If you are a Member and have a new book coming out soon then we’d love to here from you, please email us on This email address is being protected from spambots. You need JavaScript enabled to view it..

Please note, the Library does not necessarily hold all of these titles in our collection. Please check Catalyst to see whether we hold the book.


Coming up in Autumn 2020

The Confession, Jessie Burton

Picador, September 2020 


Britain and Europe in Troubled Times, Vernon Bogdanor

Yale University Press, September 2020


Life & Love of the Forest, Lewis Blackwell

September 2020

Jeoffry: The Poet’s Cat - A Biography, Oliver Soden

The History Press, September 2020


Lev Shestov: Philosopher of the Sleepless Night, Matthew Beaumont

September 2020


The Museum Curator’s Guide - Understanding, Managing and Presenting Objects, Nicola Pickering

Lund Humphries, September 2020


The Golden Calves of Jeraboam, Adrian Leak

September 2020


Japan's Far More Female Future, Bill Emmott

Oxford University Press, September 2020


Reluctant European: Britain and the European Union from 1945 to Brexit, Stephen Wall

Oxford University Press, September 2020


The Fragrance of Tears, Victoria Schofield

Head of Zeus, October 2020


My Dearest Martha: The Life and Letters of Eliza Hillier, Andrew Hillier

Hong Kong City University Press, October 2020


After Ancient Biography: Modern Types and Classical Archetypes, Robert Fraser

Palgrave Macmillan, October 2020


Hotel du Cap Eden Roc, Alexandra Campbell

Flammarion, October 2020


My Berlin: The Story of a City, Sir Barney White-Spunner

Simon & Schuster, October 2020


Art, Memoir and Jung. Personal and Psychological Encounters, Juliet Miller

October 2020

The Walker: On Finding and Losing Yourself in the Modern City, Matthew Beaumont

November 2020


Dangerous Lunatics: Trauma, Criminality, and Forensic Psychotherapy, Professor Brett Kahr

Confer Books, Autumn 2020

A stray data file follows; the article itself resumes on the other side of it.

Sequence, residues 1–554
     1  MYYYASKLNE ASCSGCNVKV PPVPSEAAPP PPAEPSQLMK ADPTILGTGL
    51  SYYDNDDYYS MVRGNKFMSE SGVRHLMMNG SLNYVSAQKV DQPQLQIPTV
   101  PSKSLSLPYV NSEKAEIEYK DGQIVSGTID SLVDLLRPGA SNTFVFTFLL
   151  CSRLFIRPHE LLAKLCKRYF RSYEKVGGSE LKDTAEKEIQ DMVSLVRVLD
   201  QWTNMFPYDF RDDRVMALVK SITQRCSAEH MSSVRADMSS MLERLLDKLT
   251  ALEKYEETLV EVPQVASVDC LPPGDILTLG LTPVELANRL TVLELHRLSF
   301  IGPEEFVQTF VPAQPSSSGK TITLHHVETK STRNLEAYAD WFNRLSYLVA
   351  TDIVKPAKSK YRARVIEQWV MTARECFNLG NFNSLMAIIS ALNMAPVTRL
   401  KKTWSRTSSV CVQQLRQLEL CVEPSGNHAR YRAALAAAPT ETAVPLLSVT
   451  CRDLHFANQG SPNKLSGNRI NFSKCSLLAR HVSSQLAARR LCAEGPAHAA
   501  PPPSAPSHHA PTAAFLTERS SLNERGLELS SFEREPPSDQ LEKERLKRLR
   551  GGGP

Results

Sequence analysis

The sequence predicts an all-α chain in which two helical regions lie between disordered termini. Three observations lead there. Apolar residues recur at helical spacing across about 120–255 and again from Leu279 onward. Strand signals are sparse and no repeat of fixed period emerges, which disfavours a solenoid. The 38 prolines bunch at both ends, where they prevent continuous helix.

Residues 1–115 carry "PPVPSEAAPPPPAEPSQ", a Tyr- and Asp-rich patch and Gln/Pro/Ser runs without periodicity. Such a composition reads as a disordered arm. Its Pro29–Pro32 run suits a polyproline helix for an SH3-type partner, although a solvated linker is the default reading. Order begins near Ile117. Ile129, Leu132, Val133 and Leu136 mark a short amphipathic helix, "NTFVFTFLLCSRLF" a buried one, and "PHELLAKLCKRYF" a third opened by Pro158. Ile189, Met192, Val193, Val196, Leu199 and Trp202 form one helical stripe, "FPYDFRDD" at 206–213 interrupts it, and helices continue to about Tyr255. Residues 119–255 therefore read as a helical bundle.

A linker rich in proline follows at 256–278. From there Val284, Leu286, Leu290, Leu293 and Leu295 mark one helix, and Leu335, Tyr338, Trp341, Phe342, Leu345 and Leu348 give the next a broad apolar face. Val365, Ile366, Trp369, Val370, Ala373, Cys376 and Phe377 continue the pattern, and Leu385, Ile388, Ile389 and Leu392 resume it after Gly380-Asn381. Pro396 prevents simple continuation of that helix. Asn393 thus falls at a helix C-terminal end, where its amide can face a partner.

Beyond the Secret Garden, Anne Thwaite

Duckworth, 2020

(Revised version of Waiting for the Party, the life of Frances Hodgson Burnett, Secker and Warburg, 1974)

Juvenal: Satires Book V, John Godwin

Liverpool University Press, Autumn 2020


Industrial Letchworth: The First Garden City 1903-1920Philippa Parker

University of Hertfordshire Press, Autumn 2020


A Dirty Broth: Early Twentieth Century Welsh Plays in English

Parthian Press, November 2020


Heads and Boxes: A Prop Art Exhibition Collaboration, Essay by Jill Longmate

Published in ‘Brigid Brophy: Avant-Garde Writer, Critic, Activist’, edited by Richard Canning and Gerri Kimber. Edinburgh University Press, 2020


At the Edge of the Desert, Basil Lawrence

Penguin, Spring 2021


The Novotny Papers: Prostitute/Provocateur, Lilian Pizzichini

Amberley, Spring 2021

Published recently in 2020


Those Who Are Loved, Victoria Hislop

Paperback published by Headline Review, August 2020


Dominion: The Making of the Western Mind, Tom Holland

Paperback published by Little Brown, August 2020


Elitism A Progressive Defence, Eliane Glaser

Biteback Books, August 2020


The Financial Times Guide to Business Coaching, Anne Scoular

Financial Times, August 2020



If I Don’t Have You, Sareeta Dominga

Jacaranda, July 2020


The Tastemakers: British Dealers and the Anglo-Gallic Interior, 1785-1865, Diana Davis

Getty Research Institute, July 2020


Madeleine, Euan Cameron

Quercus, July 2020

(Hardback published by MacLehose Press, June 2019)


Bad Love, Maame Blue

Jacaranda, June 2020


Liminal, Caroline Maldonado

Smokestack Books, April 2020; sequel to be published 2021


The Straits of Treachery, Richard Hopton

Allison & Busby, April 2020


Night of the Bayonets: The Texel Uprising and Hitler's Revenge April - May 1945, Eric Lee

Greenhill, April 2020


Mediating Empire, Andrew Hillier

Renaissance Books, April 2020


Smoke and Mirrors, Gemma Milne

Little Brown, April 2020


Dionysus after Nietzsche: The Birth of Tragedy in Twentieth-Century Literature and Thought, Adam Lecznar

Cambridge University Press, March 2020


Magnificence and Princely Splendour in the Middle Ages, Richard Barber

Boydell & Brewer, March 2020


The Girl with the Louding Voice, Abi Daré